2. The free-willed beech forests provide vital regional ecosystem services essential to human wellbeing. They include climate and hydrological regulation as well as soil conservation. For both traditional and modern societies they offer an element of European identity. The values of the old beech forests go beyond commodity and direct benefit services in as much they have deep intrinsic value.

Recommendations for conservation policy and management

  1. Old beech forest ecosystems are appropriate reference sites and models for sustainable forestry practice.
  2. Climate change in combination with current land use practices is contributing to vulnerability of beech forests. Newly appearing pathogenic agents (such as Phytophthora species) pose serious risks to the survival of beech forests, which demands a better understanding how nature builds its own resilience, and this calls for greater space to allow beech forest ecosystems to operate dynamically and in a free-willed state.
  3. It is important to acknowledge the complexity and resulting uncertainty manifest in rapidly changing environments. Scientists and practitioners should avoid simplistic interpretations of current data and models that lead to risky decisions and interventions.
  4. Forest ecosystem management requires a fully integrated and participatory approach to planning and decision making. Raising public awareness and citizen engagement are integral parts of the process.
  5. The revision of existing forestry concepts and practices would be seen as an essential prerequisite to strategies for disaster and risk management. New strategies would draw on principles of eco-mimicry, including ecosystem-based adaptive management.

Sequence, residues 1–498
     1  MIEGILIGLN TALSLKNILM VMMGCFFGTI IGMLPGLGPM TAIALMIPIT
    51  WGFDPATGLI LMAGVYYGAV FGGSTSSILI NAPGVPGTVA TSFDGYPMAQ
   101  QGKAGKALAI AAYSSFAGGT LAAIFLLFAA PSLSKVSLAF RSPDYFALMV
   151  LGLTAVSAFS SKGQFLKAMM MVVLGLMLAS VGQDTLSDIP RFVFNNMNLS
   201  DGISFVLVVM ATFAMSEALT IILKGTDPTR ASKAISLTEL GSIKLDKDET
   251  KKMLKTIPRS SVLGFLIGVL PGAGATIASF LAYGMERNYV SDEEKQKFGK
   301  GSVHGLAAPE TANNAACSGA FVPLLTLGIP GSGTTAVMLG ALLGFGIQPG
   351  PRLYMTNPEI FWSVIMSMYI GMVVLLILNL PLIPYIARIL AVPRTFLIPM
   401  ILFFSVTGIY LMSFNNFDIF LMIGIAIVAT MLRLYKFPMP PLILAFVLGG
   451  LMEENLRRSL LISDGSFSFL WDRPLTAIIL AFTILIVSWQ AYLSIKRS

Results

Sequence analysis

6. Clearcuts and shelterwood systems are not considered to be compatible with ecological principles and conservation goals.
  7. A number of protected areas across Europe under their current management regime are not ecologically effective, particularly in cases concerning beech forests. There are noticeable differences in performance between countries, the current categories for protection lack consistency across the region.
  8. European-wide common standards designed to check the quality of beech forest conservation and management is called for. They would incorporate beech forest ecosystem functionality and policy proficiency checks, operating across spatial scales and from science to policy.  

 

Outcomes and future goals

  1. The workshop participants agree to formalize the European Beech Forest Network as a registered association.
  2. The mission of the network is to promote and support the conservation of old-growth beech forests as well as the sustainable management of all beech forests; to raise public awareness of the importance of beech forest ecosystems; and to support the serial World Heritage Property dedicated to the old European beech forests. It also will develop and promote open standards for the quality of beech forest conservation and sustainable use.
  3. The European Beech Forest Network refutes recent statements[4] about the negative effects of strictly protected areas located in central Europe on the biodiversity of other countries and regions. All countries must demonstrate accountability for all environmental problems and show commitment towards forest conservation and sustainability. Strictly protected free-willed ecosystems are needed everywhere. Countries must follow the principles of shared responsibility and mutual support. The concept of sustainability has to be rooted in ecological principles that describe the limits to growth, and not in the economically driven forces. Increasing development needs and the mitigation of climate change must not be an excuse for more aggressively using natural resources and abandoning the precautionary principles of nature conservation and sustainability. It is the global overconsumption of timber that has to be halted, not the protection of the very fundament of life.